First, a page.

Each person has a certain level of skill in the designer and/or developer subject areas, where many of the skills and habits that would make you excel in either area would help in both. People may have a tendency to lean towards one area over the other, but no one has a “type” that would prevent them from learning and improving as a designer or a developer. What matters is the time and effort put into learning. World class designers and developers have put in lots and lots of dedicated practice: their (proverbial) 10,000 hours.
I wanted to write about this because as I attempt to distill my professional experience into teachable morsels for my students, I have realized that the one of biggest barrier is mental. People who have categorized themselves as an engineering (or math and science) type will shy away from and avoid areas of knowledge considered to be in the realm of a designer (or “creative”) type. At Stanford this took the form of the great divide between engineering major “techies” and humanities major “fuzzies.” I believe this prevented many would-be “ninjas” and “unicorns” from ever reaching their potential. The effect is similar to having a fixed mindset instead of a growth mindset. Deciding you will never be good at design because you are a “developer type” is a sure way to never become a good designer. You have set up a self fulfilling prophecy.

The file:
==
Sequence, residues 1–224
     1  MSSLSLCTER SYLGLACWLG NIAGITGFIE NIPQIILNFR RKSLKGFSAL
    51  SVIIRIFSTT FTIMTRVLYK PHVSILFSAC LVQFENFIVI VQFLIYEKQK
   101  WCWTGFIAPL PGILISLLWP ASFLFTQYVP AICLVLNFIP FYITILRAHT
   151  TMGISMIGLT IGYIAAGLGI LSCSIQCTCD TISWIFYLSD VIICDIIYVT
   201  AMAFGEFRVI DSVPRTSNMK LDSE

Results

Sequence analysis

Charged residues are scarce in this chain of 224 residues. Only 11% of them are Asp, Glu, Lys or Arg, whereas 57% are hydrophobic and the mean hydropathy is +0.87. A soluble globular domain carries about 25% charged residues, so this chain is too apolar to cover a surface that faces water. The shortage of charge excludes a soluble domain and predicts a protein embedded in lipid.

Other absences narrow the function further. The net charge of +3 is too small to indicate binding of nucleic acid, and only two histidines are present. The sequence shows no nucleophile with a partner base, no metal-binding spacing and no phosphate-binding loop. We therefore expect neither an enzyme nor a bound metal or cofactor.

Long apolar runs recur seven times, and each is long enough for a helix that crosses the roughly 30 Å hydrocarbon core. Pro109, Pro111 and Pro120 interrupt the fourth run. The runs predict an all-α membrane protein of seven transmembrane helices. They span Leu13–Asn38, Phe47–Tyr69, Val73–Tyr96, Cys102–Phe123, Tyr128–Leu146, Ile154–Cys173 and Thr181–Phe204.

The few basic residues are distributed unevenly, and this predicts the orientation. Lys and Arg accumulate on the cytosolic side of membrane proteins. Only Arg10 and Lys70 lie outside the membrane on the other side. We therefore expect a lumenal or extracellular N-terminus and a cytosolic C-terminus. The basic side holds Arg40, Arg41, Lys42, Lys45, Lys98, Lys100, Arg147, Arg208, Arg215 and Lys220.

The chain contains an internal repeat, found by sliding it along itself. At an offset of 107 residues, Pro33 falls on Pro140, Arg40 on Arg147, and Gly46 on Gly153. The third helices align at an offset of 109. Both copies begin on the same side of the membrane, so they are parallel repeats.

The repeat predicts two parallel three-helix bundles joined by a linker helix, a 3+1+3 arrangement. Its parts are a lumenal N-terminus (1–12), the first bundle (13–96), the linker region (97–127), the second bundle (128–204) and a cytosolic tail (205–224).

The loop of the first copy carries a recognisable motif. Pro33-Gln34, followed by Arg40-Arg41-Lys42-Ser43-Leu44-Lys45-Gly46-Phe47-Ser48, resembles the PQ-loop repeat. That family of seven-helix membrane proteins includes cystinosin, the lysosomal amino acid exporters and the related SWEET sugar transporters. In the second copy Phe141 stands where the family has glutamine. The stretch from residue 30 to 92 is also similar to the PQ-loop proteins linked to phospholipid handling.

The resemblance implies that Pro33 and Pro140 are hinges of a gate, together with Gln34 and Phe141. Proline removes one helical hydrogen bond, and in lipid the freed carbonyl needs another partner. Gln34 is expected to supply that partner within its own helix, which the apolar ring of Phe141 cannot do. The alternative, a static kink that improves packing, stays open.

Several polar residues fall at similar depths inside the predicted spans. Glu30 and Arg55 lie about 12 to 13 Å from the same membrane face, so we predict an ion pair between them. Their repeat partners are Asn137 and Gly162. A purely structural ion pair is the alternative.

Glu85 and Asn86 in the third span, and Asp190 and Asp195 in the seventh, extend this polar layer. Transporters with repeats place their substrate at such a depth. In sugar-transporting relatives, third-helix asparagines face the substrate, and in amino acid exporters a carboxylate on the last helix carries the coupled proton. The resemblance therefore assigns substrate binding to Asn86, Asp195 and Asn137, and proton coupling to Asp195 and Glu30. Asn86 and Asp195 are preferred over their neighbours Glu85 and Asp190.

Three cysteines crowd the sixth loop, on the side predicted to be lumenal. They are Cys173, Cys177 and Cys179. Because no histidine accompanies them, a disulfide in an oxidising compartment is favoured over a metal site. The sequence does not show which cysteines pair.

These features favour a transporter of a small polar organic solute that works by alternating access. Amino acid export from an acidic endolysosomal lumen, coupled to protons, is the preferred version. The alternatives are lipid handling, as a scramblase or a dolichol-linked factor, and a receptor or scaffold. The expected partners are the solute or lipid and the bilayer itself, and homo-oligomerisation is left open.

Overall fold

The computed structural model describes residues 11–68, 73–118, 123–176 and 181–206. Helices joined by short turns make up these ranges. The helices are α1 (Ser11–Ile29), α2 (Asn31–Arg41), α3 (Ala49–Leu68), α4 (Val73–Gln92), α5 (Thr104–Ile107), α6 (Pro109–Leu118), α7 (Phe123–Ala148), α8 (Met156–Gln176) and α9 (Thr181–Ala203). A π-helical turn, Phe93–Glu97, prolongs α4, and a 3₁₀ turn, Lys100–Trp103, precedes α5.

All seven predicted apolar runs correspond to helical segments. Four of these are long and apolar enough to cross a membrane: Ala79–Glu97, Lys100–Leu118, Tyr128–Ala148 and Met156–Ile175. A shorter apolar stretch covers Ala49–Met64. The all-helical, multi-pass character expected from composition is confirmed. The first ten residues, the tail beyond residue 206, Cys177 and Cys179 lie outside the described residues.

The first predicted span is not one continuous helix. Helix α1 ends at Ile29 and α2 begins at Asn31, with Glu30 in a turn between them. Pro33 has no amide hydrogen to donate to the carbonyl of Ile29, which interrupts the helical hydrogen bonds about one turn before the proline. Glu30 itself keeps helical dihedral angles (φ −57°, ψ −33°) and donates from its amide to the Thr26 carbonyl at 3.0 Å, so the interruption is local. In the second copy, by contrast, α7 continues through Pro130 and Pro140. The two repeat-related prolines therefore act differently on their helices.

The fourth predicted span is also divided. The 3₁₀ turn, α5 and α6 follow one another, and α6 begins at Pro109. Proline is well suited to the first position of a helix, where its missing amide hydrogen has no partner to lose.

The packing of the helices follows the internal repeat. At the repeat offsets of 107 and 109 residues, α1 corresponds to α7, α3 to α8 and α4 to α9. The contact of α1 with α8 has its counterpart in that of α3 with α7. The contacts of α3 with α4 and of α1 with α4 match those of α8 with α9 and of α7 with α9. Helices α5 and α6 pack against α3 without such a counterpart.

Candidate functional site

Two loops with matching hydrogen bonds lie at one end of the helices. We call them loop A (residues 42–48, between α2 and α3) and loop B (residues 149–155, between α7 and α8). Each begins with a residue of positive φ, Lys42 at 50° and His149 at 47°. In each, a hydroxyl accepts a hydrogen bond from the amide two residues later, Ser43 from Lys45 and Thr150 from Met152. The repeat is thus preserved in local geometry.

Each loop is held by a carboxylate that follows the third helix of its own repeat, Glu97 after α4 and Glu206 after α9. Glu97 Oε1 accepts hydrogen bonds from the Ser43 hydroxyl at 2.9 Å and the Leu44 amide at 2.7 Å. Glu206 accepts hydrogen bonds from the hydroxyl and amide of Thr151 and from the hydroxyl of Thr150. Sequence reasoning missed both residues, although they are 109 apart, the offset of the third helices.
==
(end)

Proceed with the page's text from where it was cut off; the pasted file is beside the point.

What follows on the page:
Being a great designer and a great developer is not an impossibility. With enough time and effort, you can become a designer or developer or both, no forehead horn required.